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5 Ways to Eat a Heart-Healthier Diet

The old adage that you are what you eat certainly applies when it comes to your cardiovascular health. In fact, diet is one of the most effective ways to improve your heart health, allowing you to prevent heart disease from taking hold in the first place or as a technique to address existing heart issues.

At Heart Rhythm Associates, Dr. Van H. De Bruyn provides expert care for your heart, but there’s much you can accomplish on your own, especially when it comes to diet. To help you stay one step ahead of your heart health, here are five dietary tips that will give your heart the resources it needs to function at its best.

Controlling how much you eat

Before we get into specific heart-healthy foods, we first need to address the amount of food you’re eating. Two out of 3 Americans are overweight and 1 in 3 tips the scales into obesity, which means that, on the whole, Americans need to lose weight. 

Extra weight carries serious consequences when it comes to your cardiovascular health, so any steps that you take to bring yourself to within a normal weight range are steps well worth taking.

One of the best ways to do this is to start with portion control. If you read what a serving size is for most of the foods you eat, you’ll be surprised to see just how much you may be overeating. Pay close attention to serving sizes and grab a smaller plate for your meals, which will make it look like you’re not being deprived.

Increase your fruits and vegetables

It’s no mystery that adding ample amounts of fruits and vegetables to your diet can help with almost every area of your health. 

If you’ve grown accustomed to fast-food and processed snacks, start slowly by swapping out that bag of chips for a few carrots or celery. And instead of grabbing a cookie, reach for a handful of grapes, which can satisfy any sweet tooth. Even that fruit-flavored breakfast bar in the morning can be traded for a nice bowl of (plain) yogurt and berries, which deliver far more nutritional value.

The whole grain

Any food that’s been processed has likely lost much of its nutritional benefit, which is certainly true of the grains you eat. White bread, for example, is very far from the original grains it was made from, so stick to breads and pastas that feature whole grains. These types of grains go a long way toward improving your heart health by lowering your blood pressure.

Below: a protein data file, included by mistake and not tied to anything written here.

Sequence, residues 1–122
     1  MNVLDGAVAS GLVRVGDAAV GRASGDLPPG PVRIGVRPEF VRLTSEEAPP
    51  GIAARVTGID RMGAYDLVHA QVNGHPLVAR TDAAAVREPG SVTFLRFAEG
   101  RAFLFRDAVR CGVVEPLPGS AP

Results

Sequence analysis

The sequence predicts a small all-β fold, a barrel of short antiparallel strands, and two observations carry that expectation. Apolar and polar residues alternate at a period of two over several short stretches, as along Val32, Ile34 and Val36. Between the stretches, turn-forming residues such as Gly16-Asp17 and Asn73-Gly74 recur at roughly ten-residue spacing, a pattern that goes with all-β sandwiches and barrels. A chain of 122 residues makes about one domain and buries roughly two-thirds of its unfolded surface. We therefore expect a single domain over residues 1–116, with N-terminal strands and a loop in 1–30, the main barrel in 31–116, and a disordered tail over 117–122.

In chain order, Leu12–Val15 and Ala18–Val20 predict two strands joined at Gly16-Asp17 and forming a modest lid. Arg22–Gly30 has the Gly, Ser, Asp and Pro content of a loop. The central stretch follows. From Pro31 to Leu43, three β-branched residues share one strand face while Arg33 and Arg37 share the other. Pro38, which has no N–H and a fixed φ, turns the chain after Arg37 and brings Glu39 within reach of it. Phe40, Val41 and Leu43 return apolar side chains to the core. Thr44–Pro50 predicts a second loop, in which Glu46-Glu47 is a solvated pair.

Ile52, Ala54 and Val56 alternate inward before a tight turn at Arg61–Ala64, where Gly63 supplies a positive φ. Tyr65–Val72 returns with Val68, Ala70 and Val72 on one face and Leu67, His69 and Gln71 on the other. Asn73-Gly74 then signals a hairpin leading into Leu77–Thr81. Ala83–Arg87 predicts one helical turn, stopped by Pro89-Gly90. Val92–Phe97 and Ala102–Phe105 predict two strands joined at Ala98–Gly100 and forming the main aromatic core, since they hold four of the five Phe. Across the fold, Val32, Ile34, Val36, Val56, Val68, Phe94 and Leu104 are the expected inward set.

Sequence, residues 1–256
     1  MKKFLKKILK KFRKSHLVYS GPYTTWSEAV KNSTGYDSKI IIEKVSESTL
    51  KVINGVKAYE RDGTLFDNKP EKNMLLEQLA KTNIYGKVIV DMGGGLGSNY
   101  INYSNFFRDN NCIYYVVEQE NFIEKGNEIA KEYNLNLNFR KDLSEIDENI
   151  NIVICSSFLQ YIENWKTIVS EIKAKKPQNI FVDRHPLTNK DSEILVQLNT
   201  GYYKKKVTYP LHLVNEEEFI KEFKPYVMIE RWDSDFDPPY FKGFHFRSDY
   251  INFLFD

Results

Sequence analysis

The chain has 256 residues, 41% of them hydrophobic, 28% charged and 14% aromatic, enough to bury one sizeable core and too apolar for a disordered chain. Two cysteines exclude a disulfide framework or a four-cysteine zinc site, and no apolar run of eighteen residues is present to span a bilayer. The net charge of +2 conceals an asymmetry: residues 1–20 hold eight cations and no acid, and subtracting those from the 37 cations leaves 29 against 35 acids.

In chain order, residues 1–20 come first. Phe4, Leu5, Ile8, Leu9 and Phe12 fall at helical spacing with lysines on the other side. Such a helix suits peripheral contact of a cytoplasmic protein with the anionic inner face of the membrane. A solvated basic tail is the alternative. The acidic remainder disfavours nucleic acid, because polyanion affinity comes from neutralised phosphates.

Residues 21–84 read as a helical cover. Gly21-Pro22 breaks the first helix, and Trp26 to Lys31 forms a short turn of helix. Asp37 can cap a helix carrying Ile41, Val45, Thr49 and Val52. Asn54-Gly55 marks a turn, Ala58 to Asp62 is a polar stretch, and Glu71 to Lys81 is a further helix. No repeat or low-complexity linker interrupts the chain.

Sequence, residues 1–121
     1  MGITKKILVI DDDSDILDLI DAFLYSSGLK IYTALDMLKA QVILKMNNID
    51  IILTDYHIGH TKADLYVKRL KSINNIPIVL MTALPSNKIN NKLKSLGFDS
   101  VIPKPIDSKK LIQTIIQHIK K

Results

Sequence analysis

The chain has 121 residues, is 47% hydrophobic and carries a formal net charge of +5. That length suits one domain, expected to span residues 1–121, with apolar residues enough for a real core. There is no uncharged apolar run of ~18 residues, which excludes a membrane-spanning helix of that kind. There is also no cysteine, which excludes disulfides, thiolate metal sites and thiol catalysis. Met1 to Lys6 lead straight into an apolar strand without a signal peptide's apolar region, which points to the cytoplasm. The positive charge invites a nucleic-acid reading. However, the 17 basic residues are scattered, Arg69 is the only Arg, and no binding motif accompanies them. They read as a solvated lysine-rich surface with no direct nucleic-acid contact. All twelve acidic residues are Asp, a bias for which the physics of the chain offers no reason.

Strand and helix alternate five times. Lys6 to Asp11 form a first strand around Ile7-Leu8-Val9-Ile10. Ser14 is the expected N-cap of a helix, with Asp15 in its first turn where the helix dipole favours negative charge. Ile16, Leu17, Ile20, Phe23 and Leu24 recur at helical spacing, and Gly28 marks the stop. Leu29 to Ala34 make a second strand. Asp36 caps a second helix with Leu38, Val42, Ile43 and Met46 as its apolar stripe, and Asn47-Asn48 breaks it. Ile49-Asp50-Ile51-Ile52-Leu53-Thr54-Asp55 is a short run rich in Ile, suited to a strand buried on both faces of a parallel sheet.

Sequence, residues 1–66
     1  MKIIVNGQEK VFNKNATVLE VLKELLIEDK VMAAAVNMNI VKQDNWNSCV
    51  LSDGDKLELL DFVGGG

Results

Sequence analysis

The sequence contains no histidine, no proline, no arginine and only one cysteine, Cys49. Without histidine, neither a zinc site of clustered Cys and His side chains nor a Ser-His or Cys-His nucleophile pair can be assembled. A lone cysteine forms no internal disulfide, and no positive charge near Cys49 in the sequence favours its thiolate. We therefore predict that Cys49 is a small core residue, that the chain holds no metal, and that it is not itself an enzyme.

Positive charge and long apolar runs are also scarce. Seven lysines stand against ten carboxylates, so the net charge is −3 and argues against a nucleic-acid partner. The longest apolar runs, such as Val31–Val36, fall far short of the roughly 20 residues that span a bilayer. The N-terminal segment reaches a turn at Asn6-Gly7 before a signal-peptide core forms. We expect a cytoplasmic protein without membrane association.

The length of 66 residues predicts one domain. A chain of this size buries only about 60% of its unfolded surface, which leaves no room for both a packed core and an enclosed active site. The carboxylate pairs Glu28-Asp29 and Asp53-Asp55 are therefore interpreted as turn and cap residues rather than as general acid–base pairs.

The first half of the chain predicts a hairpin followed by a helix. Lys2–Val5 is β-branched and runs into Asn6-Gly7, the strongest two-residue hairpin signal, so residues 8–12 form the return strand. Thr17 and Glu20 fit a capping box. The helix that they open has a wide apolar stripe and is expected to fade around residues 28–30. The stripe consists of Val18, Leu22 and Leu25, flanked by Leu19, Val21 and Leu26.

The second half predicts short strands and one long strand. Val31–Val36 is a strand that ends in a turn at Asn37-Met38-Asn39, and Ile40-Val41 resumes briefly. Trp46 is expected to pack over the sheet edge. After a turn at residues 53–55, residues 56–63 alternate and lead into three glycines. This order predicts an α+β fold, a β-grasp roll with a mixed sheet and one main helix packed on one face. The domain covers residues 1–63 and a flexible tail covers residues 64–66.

To get started, switch your white bread to whole wheat and your white rice to brown rice. There are many other unprocessed grains that deliver great benefits, such as quinoa, farro, or barley. Be mindful that multigrain and whole grain aren’t the same thing. Multigrain foods have been processed, so stick with the word “whole” when it comes to your breads and pastas.

Something fishy

Fatty fish is another great addition to a heart-healthy diet. The omega-3 fatty acids found in fish like tuna, salmon, and mackerel, are great for reducing blood pressure and cholesterol numbers.

If you really dislike the taste of fish, you might want to add a fish oil supplement to your daily regimen.

Not all fats are created equal

While “fat” has a bad reputation, your body still needs fat to function. Unfortunately, many Americans are eating the wrong kinds of fats. To improve your heart health, stick to monounsaturated and polyunsaturated fats, which are better for you than saturated or trans fats. Great sources of healthy fats include olive oil, avocados, and dark chocolate (but don’t overdo the candy).

If you do eat meat, cut away the fat before you cook it and avoid frying your meat in oil. Try to reduce your use of butter and opt for healthier substitutes, like canola oil.

There are many other tweaks you can make to your diet to improve your heart health, but these five tips should give you a good start. For a more complete picture, please contact our office in Little Rock, Arkansas, so we can tailor a diet to meet your specific heart-health needs. 

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